Book Review: The Glass Hotel by Emily St. John Mandel

The Glass Hotel
by
Emily St. John Mandel

Rating: 4 out of 5.

“Why don’t you swallow broken glass.” Someone has scrawled this disturbing message on the glass wall in the lobby of the Hotel Caiette, a five-star hotel on Vancouver Island. Vincent, a bartender at the hotel, doesn’t understand the message, but she has an idea who wrote it.

The staff quickly covers the words before Jonathan Alkaitis, the hotel’s owner and a wealthy investor, arrives, and Jonathan never learns the message was intended for him. When Vincent serves him a drink and they strike up a flirtatious conversation, she sees an opportunity and takes it. She walks out on her job and into the “kingdom of money,” living with Jonathan as his trophy wife.

Jonathan’s wealth gives Vincent “the freedom to stop thinking about money,” but the source of his wealth is a Ponzi scheme that ultimately sends him and his asset managers to prison. That’s not a spoiler. It’s the premise of an excellent story about greed, naïve and vulnerable investors and ultimately, the downfall of a mastermind who knew what he was doing but couldn’t resist the opportunity.

Set in New York and Vancouver, the story follows Jonathan, Vincent, his team and an assortment of investors, both before and after the collapse. In prison, Jonathan contemplates a parallel life outside of prison. He’s plagued by ghostly visions that pick at his conscience. Vincent reinvents herself and goes under the radar, choosing a life that’s drastically different. And investors, many of whom have lost their life savings, enter the “country of the cheated.”

Through her characters, the author studies the idea of morality as the fund managers, who never actually invested their clients’ money, either face up to or rationalize their involvement in massive theft. She shows the incongruity of how some led their everyday lives with the idea of knowing they were stealing but trying to be a good people “around the margins of the bad.”

A separate point looks at the moment Oskar Novak, part of the investment team, consciously decides to continue with the fraud. He later backpedals in court, saying “It’s possible to both know and not know something.” Likewise for Vincent, who suspects something, but prefers to look away.

In addition, Mandel shows how each of her characters acts when they face opportunity, related to the fund and in their own relationships. Jonathan, his employees and some inside investors seize the chance to take advantage. On the other side are investors like shipping executive Leon Prevant who is about to be laid off and a once-promising artist. Both and many other vulnerable investors lose their life savings.

There are no real main characters in The Glass Hotel. It’s more a story of what happens to a group of people and how the collapse of the fund affects them. But Mandel looks at relationships, particularly between Vincent and her half-brother, Paul and their semi-connected lives. This relationship is also one of opportunity, tying it to the author’s theme.

I recommend The Glass Hotel to readers who like stories in which characters face a crumbling of life as they knew it. Throw in a lot of moral decisions and you come up with an engrossing read.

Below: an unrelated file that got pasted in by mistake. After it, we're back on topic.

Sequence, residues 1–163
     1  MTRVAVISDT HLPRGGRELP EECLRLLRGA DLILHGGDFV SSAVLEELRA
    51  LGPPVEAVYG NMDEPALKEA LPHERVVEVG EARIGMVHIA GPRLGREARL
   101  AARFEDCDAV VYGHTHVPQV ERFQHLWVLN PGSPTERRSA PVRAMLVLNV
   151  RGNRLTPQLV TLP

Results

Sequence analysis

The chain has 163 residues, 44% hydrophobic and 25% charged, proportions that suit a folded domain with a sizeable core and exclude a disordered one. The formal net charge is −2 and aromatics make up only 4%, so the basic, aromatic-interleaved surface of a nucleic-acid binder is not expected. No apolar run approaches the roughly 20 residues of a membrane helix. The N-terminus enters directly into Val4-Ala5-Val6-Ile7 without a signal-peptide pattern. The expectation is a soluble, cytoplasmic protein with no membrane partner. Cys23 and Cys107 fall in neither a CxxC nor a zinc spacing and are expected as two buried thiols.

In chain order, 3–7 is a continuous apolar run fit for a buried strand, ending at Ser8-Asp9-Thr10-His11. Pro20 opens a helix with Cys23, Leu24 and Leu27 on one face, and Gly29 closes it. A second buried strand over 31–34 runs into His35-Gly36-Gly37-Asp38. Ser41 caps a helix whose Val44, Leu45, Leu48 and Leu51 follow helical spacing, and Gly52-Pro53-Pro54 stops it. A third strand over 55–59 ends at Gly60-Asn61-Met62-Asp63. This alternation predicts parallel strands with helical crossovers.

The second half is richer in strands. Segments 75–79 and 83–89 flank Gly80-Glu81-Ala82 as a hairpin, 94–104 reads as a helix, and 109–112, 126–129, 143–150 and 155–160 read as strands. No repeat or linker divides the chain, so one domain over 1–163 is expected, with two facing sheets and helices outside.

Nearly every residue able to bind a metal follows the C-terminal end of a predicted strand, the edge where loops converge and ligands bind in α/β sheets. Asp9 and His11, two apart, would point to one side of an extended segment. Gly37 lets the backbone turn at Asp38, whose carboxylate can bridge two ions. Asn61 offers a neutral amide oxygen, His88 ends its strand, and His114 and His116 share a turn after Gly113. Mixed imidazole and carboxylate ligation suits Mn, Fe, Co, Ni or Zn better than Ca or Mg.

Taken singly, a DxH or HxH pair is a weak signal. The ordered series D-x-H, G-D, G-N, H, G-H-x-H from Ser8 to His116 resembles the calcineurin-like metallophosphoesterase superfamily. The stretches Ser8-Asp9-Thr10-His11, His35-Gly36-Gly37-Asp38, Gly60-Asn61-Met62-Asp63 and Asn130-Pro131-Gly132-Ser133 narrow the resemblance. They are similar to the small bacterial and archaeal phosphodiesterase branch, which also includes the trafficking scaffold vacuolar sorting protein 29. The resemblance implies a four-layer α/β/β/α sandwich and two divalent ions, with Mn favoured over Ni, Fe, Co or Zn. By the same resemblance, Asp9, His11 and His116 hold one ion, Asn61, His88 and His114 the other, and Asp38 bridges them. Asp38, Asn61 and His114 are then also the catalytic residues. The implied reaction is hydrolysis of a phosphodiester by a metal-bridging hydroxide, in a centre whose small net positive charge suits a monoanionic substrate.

Thanks for visiting – come back soon!

28 thoughts on “Book Review: The Glass Hotel by Emily St. John Mandel

    1. Hi Priscilla – I really enjoyed reading Station Eleven, which is very different from The Glass Hotel. I’m still getting to know the author, but it seems as if she likes to take risks and be different. Thanks for stopping by and commenting!

  1. Well, in a lot of post-modern novels we don’t have a protagonist. We like this. We want to read a novel from a standpoint of distance and not one of identification and emotions. We like it when a text makes us think. Of course, there is a philosophical idea behind not having a main character. It’s an illusion that one person can make a difference – even in the worlds of texts.
    All the best
    The Fab Four of Cley
    🙂 🙂 🙂 🙂

    1. Thank you, Klausbernd, for reading my post and commenting so thoughtfully. I also like the concept of no central character – It gives the reader a completely different perspective. Hope you are having a great weekend!

    1. Yes, Noelle. It was a little like the Bernie Madoff scheme, but obviously with changes. Thanks for the visit – hope you are doing well and that we are headed for some cooler weather!

  2. In a way this sounds like a true story, Barb. I like books that show how events impact a lot of different characters, but I often a hard time empathizing with the wheelers and dealers, even when they take the big fall. They ruin so many lives. Thanks for sharing your review. Sounds like an interesting read. 🙂

    1. Hi Diana – I agree with you – very much like the Bernie Madoff story. The anger people felt then was intense and the author was likely influenced by that story. So much deception! Thanks for the visit 🙂

      1. Yeah, I have not been able to keep up with Stuff Jeff Reads anymore. Too much going on. But I posted on the Stub Collection recently and have some more to post there soon. I think one blog is enough for me right now 😉

Tell me what you're thinking!

Fill in your details below or click an icon to log in:

WordPress.com Logo

You are commenting using your WordPress.com account. Log Out /  Change )

Google photo

You are commenting using your Google account. Log Out /  Change )

Twitter picture

You are commenting using your Twitter account. Log Out /  Change )

Facebook photo

You are commenting using your Facebook account. Log Out /  Change )

Connecting to %s